Traffic Tickets


Highway Traffic Act offences 

Proceedings of the traffic ticket initiates by an offence notice are similar to a ticketing system, with the offence notice serving as the “ticket.” 

The certificate of offence must be filed in the court as soon as practicable, but no later than fifteen days after the defendant has been served. Getting a traffic ticket results in demerit points, licence suspensions, heavy fines and even prison time.

On top of that, they can intensely raise your insurance rates or make you uninsurable. 

The charges contravening the HTA or any municipal by-law regulating traffic. Police officers have the power to require additional information from individuals in charge of a vehicle or streetcar that is involved in an accident on a highway. 

While the POA governs penalties for offences under the HTA, the HTA and its regulations provide for a number of specific sanctions following an HTA conviction. 

These include: 

  •  fines
  •  demerit points
  • licence suspension 
  • imprisonment

The judge, provincial judge, or justice of the peace who makes a conviction for certain offences must notify the Registrar of Motor Vehicles of the conviction (s. 210(1)). Where the court has ordered the defendant’s licence suspended, the court will also forward the driver’s licence to the Registrar.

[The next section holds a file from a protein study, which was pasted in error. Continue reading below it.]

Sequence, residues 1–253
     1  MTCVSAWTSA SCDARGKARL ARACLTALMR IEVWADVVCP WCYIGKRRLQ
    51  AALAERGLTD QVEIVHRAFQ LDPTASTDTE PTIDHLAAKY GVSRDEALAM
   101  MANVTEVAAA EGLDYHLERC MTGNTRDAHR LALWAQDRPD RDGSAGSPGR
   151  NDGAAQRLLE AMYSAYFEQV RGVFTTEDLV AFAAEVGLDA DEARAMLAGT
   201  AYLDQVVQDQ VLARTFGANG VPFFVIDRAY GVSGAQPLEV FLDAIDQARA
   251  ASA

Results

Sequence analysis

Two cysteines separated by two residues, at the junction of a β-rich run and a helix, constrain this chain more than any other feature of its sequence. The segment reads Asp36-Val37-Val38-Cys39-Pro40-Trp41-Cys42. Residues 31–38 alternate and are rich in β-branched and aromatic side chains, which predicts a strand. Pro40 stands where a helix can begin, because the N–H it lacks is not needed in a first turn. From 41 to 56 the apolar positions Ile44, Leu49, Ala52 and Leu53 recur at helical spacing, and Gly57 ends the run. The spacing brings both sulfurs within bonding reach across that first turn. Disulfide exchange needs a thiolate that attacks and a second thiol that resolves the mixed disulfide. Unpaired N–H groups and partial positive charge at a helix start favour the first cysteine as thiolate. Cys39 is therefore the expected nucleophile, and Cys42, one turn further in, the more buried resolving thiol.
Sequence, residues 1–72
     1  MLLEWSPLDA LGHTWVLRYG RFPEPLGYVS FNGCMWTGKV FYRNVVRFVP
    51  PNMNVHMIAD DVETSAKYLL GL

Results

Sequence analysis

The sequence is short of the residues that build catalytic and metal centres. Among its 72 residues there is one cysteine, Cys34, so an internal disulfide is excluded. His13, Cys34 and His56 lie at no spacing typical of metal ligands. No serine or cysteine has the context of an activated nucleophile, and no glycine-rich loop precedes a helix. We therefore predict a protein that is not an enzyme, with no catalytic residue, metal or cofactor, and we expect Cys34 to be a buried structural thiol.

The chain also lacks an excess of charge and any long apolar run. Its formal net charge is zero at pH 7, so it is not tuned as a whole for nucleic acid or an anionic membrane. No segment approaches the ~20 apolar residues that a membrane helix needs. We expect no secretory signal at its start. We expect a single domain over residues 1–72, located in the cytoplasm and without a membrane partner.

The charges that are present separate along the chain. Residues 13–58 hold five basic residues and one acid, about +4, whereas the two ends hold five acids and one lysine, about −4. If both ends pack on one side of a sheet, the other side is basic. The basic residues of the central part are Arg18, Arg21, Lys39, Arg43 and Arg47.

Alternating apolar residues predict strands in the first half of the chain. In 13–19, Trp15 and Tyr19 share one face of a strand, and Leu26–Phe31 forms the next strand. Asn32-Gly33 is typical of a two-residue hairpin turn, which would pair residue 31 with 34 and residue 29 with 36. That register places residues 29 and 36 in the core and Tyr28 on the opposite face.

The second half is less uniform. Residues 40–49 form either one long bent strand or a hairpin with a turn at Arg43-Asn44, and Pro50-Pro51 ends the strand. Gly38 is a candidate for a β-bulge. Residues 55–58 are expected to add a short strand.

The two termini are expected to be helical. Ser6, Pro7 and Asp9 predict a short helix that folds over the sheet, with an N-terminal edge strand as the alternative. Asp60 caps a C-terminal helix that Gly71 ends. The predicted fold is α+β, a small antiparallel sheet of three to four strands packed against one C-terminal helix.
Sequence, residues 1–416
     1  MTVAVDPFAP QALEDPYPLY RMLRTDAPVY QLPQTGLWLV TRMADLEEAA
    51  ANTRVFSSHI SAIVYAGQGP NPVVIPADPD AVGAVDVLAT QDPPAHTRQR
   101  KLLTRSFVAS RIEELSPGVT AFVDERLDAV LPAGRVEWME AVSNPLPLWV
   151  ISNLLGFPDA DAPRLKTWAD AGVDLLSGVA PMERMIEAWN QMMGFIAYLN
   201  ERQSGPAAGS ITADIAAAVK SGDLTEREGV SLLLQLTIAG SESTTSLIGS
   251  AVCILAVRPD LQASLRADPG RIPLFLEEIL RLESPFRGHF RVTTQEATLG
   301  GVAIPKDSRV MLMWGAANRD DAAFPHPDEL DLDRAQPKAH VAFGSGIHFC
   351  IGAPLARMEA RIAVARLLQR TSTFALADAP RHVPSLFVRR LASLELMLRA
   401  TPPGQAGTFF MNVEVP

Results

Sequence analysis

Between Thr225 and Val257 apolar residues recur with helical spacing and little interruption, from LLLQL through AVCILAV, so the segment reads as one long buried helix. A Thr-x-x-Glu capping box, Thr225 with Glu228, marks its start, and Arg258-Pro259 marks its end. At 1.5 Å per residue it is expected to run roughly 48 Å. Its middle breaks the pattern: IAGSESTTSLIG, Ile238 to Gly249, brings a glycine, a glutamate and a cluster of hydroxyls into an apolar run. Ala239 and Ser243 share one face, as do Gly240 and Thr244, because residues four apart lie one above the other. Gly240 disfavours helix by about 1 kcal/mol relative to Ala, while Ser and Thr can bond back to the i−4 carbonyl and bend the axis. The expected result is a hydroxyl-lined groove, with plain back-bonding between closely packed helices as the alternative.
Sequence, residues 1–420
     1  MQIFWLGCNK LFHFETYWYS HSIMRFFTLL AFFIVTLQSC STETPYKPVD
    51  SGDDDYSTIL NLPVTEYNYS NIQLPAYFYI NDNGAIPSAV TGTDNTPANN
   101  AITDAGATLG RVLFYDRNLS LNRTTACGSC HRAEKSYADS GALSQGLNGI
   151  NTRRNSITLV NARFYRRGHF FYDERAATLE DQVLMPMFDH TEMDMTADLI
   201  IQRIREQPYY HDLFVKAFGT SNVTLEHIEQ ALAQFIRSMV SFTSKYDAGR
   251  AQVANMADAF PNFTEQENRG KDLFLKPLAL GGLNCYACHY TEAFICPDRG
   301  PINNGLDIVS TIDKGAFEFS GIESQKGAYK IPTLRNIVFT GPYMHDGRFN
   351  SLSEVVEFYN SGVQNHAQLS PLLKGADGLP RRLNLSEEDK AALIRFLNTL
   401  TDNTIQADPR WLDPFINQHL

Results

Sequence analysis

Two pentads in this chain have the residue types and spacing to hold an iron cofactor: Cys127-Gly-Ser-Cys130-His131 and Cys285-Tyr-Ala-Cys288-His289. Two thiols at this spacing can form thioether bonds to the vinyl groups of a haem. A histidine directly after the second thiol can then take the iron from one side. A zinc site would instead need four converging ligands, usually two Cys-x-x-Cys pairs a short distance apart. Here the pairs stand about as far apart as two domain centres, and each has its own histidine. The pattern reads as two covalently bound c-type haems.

The government of Ontario keeps a record of convictions, as well as conditions and other information related to a driver’s licensing history. 

A driver’s record includes driving history, accidents, and demerit points. 

A driver’s abstract provides less in-depth information, including the driver’s name, licence number, and licence class, the licence expiry date, and any conditions or restrictions.

A fine can be enforced in a number of ways, including by a driver’s licence suspension, a denial of permit validation, and civil enforcement. 

Demerit points 

Ontario’s demerit point system assigns demerit points to drivers based on convictions for particular HTA offences).

An individual receives demerit points, as assigned by Demerit Point System, for being convicted of certain HTA offences. 

Demerit points stay on an individual’s record for a period of two years from the date of the offence.

Consequences for novice drivers are more severe, and novice drivers may be required to attend a meeting with the Ministry starting at six demerit points. 

A novice driver may have his or her licence suspended at nine or more demerit points.

Licence suspension 

Upon conviction of certain HTA offences, the court may order that the defendant’s licence be suspended for a period of time. 

In general, suspension is reserved for more serious HTA offences such as careless driving, failing to stop for or following emergency vehicles or stunt driving or racing. 

Minimum and/or maximum periods of suspension are outlined by the specific offence provision and can range from 60 days to ten years or the remainder of a person’s life. 

When a person receives a suspension as a penalty, demerit points are not assigned.